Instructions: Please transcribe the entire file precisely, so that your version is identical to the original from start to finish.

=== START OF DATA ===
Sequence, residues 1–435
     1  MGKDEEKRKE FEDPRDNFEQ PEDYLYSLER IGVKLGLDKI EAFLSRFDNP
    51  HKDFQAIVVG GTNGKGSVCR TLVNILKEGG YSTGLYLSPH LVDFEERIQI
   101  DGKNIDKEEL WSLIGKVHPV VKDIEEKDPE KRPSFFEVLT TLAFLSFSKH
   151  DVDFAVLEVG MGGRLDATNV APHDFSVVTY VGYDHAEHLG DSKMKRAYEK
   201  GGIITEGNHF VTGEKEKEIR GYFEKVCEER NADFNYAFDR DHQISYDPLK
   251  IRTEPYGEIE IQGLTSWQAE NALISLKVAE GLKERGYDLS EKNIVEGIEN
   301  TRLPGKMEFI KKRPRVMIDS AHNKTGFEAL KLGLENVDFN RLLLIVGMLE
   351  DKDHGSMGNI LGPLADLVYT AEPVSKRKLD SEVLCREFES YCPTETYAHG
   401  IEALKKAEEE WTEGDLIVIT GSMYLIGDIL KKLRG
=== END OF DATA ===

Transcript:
Sequence, residues 1–435
     1  MGKDEEKRKE FEDPRDNFEQ PEDYLYSLER IGVKLGLDKI EAFLSRFDNP
    51  HKDFQAIVVG GTNGKGSVCR TLVNILKEGG YSTGLYLSPH LVDFEERIQI
   101  DGKNIDKEEL WSLIGKVHPV VKDIEEKDPE KRPSFFEVLT TLAFLSFSKH
   151  DVDFAVLEVG MGGRLDATNV APHDFSVVTY VGYDHAEHLG DSKMKRAYEK
   201  GGIITEGNHF VTGEKEKEIR GYFEKVCEER NADFNYAFDR DHQISYDPLK
   251  IRTEPYGEIE IQGLTSWQAE NALISLKVAE GLKERGYDLS EKNIVEGIEN
   301  TRLPGKMEFI KKRPRVMIDS AHNKTGFEAL KLGLENVDFN RLLLIVGMLE
   351  DKDHGSMGNI LGPLADLVYT AEPVSKRKLD SEVLCREFES YCPTETYAHG
   401  IEALKKAEEE WTEGDLIVIT GSMYLIGDIL KKLRG